G C Lichtenberg: “It is as if our languages were confounded: when we want a thought, they bring us a word; when we ask for a word, they give us a dash; and when we expect a dash, there comes a piece of bawdy.”
Albert Einstein: “I am content in my later years. I have kept my good humor and take neither myself nor the next person seriously.” (To P. Moos, March 30, 1950. Einstein Archives 60-587)
Martin Amis: “Gogol is funny, Tolstoy in his merciless clarity is funny, and Dostoyevsky, funnily enough, is very funny indeed; moreover, the final generation of Russian literature, before it was destroyed by Lenin and Stalin, remained emphatically comic — Bunin, Bely, Bulgakov, Zamyatin. The novel is comic because life is comic (until the inevitable tragedy of the fifth act);...”
Werner Herzog: “We are surrounded by worn-out, banal, useless and exhausted images, limping and dragging themselves behind the rest of our cultural evolution.”
John Gray: "Unlike Schopenhauer, who lamented the human lot, Leopardi believed that the best response to life is laughter. What fascinated Schopenhauer, along with many later writers, was Leopardi’s insistence that illusion is necessary to human happiness."
Justin E.H. Smith: “One should of course take seriously serious efforts to improve society. But when these efforts fail, in whole or in part, it is only humor that offers redemption. So far, human expectations have always been strained, and have always come, give or take a bit, to nothing. In this respect reality itself has the form of a joke, and humor the force of truth.”
विलास सारंग: "… इ. स. 1000 नंतर ज्या प्रकारची संस्कृती रुढ झाली , त्यामध्ये साधारणत्व व विश्वात्मकता हे गुण प्राय: लुप्त झाले...आपली संस्कृती अकाली विश्वात्मक साधारणतेला मुकली आहे."
Monday, January 31, 2011
On January 31, 2011, I came across this poem of Sadanand Rege (सदानंद रेगे).
(Enlarge/ zoom-in this image in another window to get a better view)
courtesy: 'Akshar Gandharv' (अक्षर गंधर्व) by P S Nerurkar (प्र श्री नेरुरकर), 1987
मला काहीच ऐकायला येत नव्हत.
मीच एक फांदी झालो होतो
नि तिथल्या वार्याबरोबर आंदुळत होतो."
Location: Yasnaya Polyana
Sunday, January 30, 2011
"Om Asva dhvajaya vidmahe, pasa hastaya dhimahi, tanno Suryah prachodayat"
(ॐ अस्व ध्वजय विद्महे
पसा हस्तय धीमहि
तन्नो सूर्य प्रचोदयात)
They say: The Earth could soon have a second sun.
Unlike in CE 1054, India surely will notice and record the event.
But in general have we really learnt to pay attention?
Artist: Bill Watterson, Creator of Calvin and Hobbes who often makes my day because The Asian Age publishes his syndicated cartoon strip.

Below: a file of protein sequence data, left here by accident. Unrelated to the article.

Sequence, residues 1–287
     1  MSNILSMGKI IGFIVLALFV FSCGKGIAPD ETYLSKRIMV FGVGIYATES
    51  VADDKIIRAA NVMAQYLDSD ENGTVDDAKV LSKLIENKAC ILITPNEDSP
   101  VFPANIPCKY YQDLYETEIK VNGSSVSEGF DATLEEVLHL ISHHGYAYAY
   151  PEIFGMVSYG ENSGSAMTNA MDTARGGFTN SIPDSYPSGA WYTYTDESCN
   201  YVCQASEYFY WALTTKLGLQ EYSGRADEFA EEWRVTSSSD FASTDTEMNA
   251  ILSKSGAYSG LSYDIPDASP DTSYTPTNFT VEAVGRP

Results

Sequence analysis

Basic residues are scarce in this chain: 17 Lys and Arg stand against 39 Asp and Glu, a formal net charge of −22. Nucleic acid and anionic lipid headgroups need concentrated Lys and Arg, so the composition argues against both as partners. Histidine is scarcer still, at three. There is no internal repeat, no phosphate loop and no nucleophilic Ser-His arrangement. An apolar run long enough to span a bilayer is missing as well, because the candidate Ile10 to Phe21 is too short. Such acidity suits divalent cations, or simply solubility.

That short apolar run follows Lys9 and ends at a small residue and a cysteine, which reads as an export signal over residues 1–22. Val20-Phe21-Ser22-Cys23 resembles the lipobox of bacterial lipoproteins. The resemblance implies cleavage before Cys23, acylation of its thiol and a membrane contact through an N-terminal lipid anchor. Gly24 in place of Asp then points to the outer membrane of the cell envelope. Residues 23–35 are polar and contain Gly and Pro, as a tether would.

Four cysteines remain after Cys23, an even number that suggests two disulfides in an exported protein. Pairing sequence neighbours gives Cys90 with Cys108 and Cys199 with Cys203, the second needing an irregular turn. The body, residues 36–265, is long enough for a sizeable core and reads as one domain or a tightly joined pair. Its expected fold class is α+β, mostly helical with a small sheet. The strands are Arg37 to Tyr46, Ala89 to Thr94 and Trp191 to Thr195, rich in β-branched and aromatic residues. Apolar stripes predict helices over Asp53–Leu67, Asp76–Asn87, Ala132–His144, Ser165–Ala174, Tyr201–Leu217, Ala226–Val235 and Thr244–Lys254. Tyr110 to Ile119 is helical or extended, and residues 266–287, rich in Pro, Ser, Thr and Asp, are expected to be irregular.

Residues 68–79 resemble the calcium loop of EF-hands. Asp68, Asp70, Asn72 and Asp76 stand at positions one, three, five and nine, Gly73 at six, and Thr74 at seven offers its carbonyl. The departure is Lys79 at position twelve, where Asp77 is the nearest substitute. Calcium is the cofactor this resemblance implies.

In case captions in the picture above are not readable:
Calvin: That cloud of stars is our galaxy, the milky way. Our solar system is on the edge of it.
Calvin: We hurl through an incomprehensible darkness. In cosmic terms, we are subatomic particles in a grain of sand on an infinite beach.
Calvin: I wonder what's on TV now.
Wednesday, January 26, 2011
2. Bankimchandra Chattopadhyay's "Vande Mataram" sung by Lata Mangeshkar for film 'Anand Math'. (Music director: Hemant Kumar)
3. Vinayak Damodar Savarkar's "Jayostute Shree Mahan Mangale" sung by Mangeshkar siblings
4. Vinayak Damodar Savarkar's "Sagara Pran Talmalala" sung by Mangeshkar siblings
5. "O Mera Rang De Basanti Chola" from Shaheed (1965) Music Director: Prem Dhawan Singers: Mukesh, Mahendra Kapoor, Rajendra Mehta
5. G D Madgulkar's "he rashtra devatanche, he rashtra preshitanche aa chandra-surya nando, swatrantra bhaaratache" (Singer : Rani Verma Music : C. Ramchandra Movie : Gharkul Year : 1970)
Artist: Alan Dunn, The New Yorker, 29 November 1941
p.s. The Internationale is a famous socialist, communist, social-democratic and anarchist anthem.
Monday, January 24, 2011
when season changes,
another birthday comes and goes,
crow that perches on your balcony every day stops doing so without a warning,
neighbourhood friendly cat who trusted you enough to kitten in your house dies,
stray dog you see every day is without a leg one morning,
a booming (and yet soothing) voice that defined your world, however small and insignificant, is silenced...
Not for me, Dylan Thomas's "Rage, rage against the dying of the light".
Instead only the acceptance of, to paraphrase Sadanand Rege (सदानंद रेगे),
"आमचीही वही कोरी होत चाललीय...".
The only consolation:
"भीमसेन कसले मेले? भीमसेन गातचि बसले"
Saturday, January 22, 2011
Wikipedia: The 1918 flu pandemic (the Spanish Flu) killed as many as 17 million in India, about 5% of the population.
I haven't read a single book of Philip Roth. Not even the one I have with me- 'The Professor of Desire'!
But I have read tens of reviews of his work.
For FT review of his latest book "Nemesis", Adrian Turpin says:
"Philip Roth’s fifth short novel in five years is a perfectly proportioned Greek tragedy played out against the background of the polio epidemic that swept Newark, New Jersey, during the summer of 1944..."
Although some of us witness some pseudo scares like H1N1 in 2009 in Pune, we cannot even begin to understand what an epidemic does to a society. However, our not-very-distant-forefathers lived in such times.
Sadly, I have not come across many good Marathi books where an epidemic has cast a large shadow.